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RE: Standard Specifications

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Title: RE: Standard Specifications

A few months ago, our Architecture department introduced us to a program called the LINX Automated Editor.  This is a program that works with Masterspec to speed up the process of editing necessary to go from the master to a project-specific set of specs.  One of it's nice features is the "Interactive Edit".  Using this feature, you go through each spec section applicable to the project, and the program asks you questions about materials, processes, submittals, special requirements, etc.  Based upon your answers, the program does a large portion of the editing to the spec.  If your answer to a question affects several sections of the spec, it will make the appropriate deletions throughout the document, eliminating much of the cross-checking necessary.  You might want to take a look at this program, and see if it might help to alleviate your problem.  You can get info at:

I should add that, while I am impressed with the program, my experience with it is pretty limited.  I've only used it on a couple projects so far.  I'm sure I'll continue to discover it's strengths, as well as its weaknesses, as I have occasion to put it to greater use.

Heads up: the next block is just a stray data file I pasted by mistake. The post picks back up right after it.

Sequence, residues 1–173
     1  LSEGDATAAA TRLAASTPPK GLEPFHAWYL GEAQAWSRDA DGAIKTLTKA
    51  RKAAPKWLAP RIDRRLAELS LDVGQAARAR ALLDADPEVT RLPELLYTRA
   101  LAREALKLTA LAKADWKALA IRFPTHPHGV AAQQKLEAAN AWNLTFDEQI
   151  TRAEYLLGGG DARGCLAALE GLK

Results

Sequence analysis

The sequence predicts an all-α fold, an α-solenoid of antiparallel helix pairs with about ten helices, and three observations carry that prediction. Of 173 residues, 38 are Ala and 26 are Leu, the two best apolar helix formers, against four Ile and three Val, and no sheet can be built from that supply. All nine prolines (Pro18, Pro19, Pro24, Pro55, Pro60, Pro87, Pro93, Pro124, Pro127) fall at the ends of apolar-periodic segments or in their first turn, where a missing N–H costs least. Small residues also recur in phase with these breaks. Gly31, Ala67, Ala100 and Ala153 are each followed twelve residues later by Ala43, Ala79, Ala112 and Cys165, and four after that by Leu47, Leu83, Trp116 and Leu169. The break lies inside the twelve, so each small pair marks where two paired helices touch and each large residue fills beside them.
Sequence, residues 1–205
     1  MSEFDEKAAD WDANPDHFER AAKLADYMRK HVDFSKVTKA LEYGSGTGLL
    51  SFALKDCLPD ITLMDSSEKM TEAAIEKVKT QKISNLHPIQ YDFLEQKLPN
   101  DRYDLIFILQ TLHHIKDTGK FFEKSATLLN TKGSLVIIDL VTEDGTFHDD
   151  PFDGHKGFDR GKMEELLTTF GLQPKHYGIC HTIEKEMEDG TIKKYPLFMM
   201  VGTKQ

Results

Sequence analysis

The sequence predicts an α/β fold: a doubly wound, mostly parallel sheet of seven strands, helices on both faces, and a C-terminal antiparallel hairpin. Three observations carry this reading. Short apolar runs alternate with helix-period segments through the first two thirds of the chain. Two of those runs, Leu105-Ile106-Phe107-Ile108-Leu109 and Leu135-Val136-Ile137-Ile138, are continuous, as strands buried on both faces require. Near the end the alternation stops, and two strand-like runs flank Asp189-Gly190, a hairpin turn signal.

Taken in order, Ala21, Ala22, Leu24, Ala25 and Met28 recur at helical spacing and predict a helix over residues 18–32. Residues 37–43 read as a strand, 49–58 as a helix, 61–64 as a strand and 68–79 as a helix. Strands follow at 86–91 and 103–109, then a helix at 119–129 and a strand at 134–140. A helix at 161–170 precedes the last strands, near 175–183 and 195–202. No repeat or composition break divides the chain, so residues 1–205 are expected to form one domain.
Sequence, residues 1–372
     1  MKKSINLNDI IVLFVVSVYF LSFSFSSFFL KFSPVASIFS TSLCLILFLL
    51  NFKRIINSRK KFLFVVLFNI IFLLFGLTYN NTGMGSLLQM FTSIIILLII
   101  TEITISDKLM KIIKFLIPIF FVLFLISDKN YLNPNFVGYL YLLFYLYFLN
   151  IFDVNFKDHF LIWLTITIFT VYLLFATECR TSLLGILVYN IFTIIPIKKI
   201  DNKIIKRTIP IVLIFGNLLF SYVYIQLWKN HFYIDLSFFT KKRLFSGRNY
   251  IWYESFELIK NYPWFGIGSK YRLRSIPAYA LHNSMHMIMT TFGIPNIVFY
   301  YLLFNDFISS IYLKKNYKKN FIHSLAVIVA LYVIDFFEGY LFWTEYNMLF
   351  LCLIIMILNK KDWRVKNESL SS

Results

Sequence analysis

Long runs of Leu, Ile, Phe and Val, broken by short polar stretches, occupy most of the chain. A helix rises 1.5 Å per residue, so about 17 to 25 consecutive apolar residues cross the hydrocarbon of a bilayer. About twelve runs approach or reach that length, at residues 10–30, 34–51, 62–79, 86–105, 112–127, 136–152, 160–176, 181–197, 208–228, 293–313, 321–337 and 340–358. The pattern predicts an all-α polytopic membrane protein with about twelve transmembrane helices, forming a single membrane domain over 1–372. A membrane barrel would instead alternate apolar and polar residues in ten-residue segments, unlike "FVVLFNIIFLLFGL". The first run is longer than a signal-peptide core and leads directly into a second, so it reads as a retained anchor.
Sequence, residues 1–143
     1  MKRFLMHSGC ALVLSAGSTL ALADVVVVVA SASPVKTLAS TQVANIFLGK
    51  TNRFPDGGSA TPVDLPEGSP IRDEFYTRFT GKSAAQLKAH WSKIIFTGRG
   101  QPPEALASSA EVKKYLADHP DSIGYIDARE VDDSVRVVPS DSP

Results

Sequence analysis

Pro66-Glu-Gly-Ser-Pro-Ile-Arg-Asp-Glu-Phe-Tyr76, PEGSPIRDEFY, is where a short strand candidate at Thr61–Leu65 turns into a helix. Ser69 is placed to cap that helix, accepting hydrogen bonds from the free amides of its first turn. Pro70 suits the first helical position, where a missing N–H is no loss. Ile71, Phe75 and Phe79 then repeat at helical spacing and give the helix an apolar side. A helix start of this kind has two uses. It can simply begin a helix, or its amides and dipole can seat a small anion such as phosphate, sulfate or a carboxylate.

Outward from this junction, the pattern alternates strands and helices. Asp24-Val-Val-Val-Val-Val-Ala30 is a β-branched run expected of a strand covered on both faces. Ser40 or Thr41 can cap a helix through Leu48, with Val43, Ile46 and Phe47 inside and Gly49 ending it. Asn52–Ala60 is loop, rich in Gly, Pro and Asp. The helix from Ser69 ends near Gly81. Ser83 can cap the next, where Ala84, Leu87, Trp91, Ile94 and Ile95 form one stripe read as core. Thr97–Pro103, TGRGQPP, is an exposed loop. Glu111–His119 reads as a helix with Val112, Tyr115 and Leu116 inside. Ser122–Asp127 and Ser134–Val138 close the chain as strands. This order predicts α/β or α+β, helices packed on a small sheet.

Hope this helps.  (Sorry for the commercial.)

-- Joel Adair

Joel Adair, EIT
Halff Associates, Inc.
E-mail: jadair(--nospam--at)
-----Original Message-----
From: Robert Rollo [mailto:rrollo(--nospam--at)]
Sent: Tuesday, January 30, 2001 11:29 AM
To: 'seaint(--nospam--at)'
Subject: Standard Specifications

anyone out there have a set of company masters ?  wait, that's a loaded question.  let me refine my question:
suppose we adopt one of the biggies (specsintact, masterspec, etc) as our "prototype".  note that i am talking across the board (civil, arch, struct, EIM, controls, etc). i say prototype because we fully intend to revise them considerably WRT quality control measures and intend to include many systems not in the sections provided by these outside suppliers.

the real issue is:  we take a prototype, add all of our stuff and proceed to pat ourselves on the back for a job well done, then whamo, the suppliers come out with revised sections that contain the lastest ASTM references, etc.  how do we systematically keep our sections as up to date as possible without committing huge personnel resources, or shall we just give up our stance and use the masters provided by the vendors more closely to "as-is" ?

i've considered delegating sections to the most qualified individual and make them responsible for annual?, biannual? update of their sections, etc. but still see it as huge task and perhaps overkill.

am i being too visionary here or is anyone else playing this game too ?
thanks in advance
r o b e r t   d.   r o l l o
Parkhill, Smith & Cooper, Inc.
4222 85th st
Lubbock, Texas 79423
(806) 473-2200 vox
(806) 473-3500 fax